The huge problem is Tim Tebow's religion. He's a hardcore Christian who supports horrible pro-"family" groups. While he has never stated specific hatred or dislike towards gays, homophobia and bigotry are basically implicit in everything he believes – heck, on everything he IS, because he IS his faith. I even read gay people calling gay Tebow fans "chickens who support the Colonel" – that made me feel awful, because I do support him as much as any Bronco fan.

Some gay people I met who supported Tebow say the fact he never stated he is homophobic allows us to give him the benefit of doubt. That's an argument I used before to calm my conscience, but I feel it's unadulterated hypocrisy. He's from a family of preachers and he behaves like some sort of incarnation of pure heedless faith. I honestly cannot see how he could be anything other than disapproving of homosexuality. Thinking otherwise feels to me way too much like lying to myself. I'm not sure I can use that argument, especially after Denver refused to take part in the It Gets Better project. "Benefit of doubt" becomes even harder after that attitude. I mean, I can see why the Denver Broncos wouldn’t do it, it’s a football organization – unfortunately, there’s a lot of internalized homophobia in football and things could, and would, get blown out of proportions. But individual players shouldn’t have excuses, especially Tim, who prides himself in being such a selfless, charitable person.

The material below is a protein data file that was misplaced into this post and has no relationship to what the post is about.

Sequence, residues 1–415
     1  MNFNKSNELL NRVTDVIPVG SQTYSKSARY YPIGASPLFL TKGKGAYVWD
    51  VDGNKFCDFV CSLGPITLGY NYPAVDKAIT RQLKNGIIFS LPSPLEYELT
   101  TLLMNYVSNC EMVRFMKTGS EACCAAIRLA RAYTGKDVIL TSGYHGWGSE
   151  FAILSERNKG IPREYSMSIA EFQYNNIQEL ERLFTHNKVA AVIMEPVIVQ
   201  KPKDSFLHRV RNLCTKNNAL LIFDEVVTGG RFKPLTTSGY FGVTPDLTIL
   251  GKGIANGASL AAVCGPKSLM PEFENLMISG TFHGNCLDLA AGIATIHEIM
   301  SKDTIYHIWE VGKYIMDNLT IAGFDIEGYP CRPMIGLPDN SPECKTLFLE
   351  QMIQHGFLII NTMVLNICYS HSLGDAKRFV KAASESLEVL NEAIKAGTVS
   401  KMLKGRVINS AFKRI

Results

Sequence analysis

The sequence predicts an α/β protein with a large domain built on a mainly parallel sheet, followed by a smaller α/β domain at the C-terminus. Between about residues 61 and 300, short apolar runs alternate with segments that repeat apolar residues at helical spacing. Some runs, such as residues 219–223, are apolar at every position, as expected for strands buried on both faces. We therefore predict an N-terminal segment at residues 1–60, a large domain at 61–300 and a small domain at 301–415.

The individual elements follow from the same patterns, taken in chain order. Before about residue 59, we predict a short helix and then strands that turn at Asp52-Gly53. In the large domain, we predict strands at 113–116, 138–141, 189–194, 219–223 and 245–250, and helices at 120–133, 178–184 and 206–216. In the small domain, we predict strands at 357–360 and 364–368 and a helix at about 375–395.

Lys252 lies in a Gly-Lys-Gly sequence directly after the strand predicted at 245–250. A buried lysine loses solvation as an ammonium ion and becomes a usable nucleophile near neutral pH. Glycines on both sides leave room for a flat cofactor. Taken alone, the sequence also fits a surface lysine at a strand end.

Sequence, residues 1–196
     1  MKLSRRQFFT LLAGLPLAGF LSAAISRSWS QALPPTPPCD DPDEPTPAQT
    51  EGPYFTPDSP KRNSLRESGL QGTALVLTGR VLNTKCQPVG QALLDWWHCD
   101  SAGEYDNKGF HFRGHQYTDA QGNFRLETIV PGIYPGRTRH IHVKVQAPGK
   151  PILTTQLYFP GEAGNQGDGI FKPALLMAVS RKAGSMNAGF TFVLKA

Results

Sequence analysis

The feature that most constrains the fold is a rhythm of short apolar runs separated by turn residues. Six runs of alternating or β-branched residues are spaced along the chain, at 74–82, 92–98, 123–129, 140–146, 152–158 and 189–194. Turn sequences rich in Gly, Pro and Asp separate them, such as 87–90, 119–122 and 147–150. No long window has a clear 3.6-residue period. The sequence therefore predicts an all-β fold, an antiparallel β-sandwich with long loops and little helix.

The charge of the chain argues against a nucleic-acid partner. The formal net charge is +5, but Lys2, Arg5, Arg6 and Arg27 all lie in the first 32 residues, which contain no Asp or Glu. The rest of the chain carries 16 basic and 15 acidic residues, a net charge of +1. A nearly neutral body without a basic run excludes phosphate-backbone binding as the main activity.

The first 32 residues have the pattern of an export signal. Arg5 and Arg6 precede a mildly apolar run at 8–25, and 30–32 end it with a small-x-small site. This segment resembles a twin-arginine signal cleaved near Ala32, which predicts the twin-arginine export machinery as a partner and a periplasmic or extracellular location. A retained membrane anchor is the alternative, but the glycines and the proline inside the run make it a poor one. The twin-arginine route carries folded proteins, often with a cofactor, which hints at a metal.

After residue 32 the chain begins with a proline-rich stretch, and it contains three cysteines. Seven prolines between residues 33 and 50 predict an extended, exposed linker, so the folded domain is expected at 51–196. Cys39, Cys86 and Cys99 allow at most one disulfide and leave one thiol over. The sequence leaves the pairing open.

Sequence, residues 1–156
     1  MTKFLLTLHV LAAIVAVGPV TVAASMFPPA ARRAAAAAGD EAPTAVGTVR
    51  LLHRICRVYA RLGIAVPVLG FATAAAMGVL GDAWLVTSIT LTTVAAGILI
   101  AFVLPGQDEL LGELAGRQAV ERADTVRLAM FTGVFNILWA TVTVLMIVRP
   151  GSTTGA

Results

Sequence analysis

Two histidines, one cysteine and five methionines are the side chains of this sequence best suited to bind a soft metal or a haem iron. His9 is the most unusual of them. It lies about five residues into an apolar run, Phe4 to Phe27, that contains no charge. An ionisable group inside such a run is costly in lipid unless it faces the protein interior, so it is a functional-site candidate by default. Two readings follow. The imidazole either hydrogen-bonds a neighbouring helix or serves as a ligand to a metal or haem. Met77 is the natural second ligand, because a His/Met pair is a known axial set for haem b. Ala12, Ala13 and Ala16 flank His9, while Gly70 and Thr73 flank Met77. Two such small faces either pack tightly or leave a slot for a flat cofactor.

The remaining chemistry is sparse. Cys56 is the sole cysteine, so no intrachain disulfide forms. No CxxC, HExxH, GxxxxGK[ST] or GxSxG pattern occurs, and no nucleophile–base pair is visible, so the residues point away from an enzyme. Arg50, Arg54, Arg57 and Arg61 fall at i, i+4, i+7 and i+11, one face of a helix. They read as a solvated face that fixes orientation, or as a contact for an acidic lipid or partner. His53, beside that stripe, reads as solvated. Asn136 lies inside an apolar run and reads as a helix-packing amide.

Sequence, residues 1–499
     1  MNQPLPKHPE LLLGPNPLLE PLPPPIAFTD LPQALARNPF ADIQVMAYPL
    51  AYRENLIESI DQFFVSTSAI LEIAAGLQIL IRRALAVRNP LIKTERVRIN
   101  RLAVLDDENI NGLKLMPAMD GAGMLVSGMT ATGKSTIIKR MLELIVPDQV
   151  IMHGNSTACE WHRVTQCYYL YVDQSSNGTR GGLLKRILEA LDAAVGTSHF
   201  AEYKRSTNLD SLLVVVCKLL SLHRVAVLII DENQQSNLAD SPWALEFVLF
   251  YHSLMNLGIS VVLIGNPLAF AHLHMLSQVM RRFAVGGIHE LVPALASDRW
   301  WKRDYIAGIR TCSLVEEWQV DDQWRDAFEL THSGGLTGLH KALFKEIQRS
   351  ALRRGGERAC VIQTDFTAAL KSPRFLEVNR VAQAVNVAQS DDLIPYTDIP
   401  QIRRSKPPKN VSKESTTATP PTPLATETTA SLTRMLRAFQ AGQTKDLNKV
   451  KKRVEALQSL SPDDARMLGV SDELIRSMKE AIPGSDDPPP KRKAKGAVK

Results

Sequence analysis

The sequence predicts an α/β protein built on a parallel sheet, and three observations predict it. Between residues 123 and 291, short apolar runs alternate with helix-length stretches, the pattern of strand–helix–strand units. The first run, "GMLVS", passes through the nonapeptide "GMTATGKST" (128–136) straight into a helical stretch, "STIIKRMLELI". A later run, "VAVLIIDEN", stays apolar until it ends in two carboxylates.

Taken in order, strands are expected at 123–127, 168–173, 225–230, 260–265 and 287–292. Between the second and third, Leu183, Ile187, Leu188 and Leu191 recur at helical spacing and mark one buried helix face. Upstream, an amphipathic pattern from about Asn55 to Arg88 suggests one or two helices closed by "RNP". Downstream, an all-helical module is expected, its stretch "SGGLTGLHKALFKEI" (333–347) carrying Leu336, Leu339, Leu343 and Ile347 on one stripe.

But, as I said, I am a Bronco fan now. I've followed the team through everything we've been through, and as several analysts have pointed out, this Broncos season has been one of the most remarkable in many, many years. They've grown on me, and football has become something I really enjoy. Tebow too has grown on me, not only as a hot guy, but as my quarterback and someone I wish only the best. And there lies my dilemma: I'm supporting someone who probably hates me and is opposed to everything I defend.

I'm not sure what to do. For the most part, I've ignored Tebow's religiousness or my homosexuality by keeping separate "brain switches" ("sports fan" and "gay") that I flip depending on the occasion. When I'm being a sport fan, my homosexuality is irrelevant, and when I'm reading gay stuff, what are sports again?. But that artificial separation of my own character is rapidly faltering now that every single person in the internet talks about Tebow, even gay people. It's like I'm being outed as a "traitor to our cause" (not literally, but metaphorically, in my guilty conscience) for supporting someone like Tebow. And it gets to me, because I don't want to support a bigot – it's contradictory to everything I believe in. The thing is, that bigot isn't a walking stereotype like Rick Santorum (or his Brazilian equivalent, Jair Bolsonaro) - he's gorgeous, he's silent about the issue and he's my team's quarterback. But does that mean just because of that he should be given a free pass? Wouldn’t that be basically supporting intolerance, crumbling my coherence and making my arguments towards equality all but meaningless?

I sincerely cannot answer those questions. It’s hard to be a gay Bronco fan.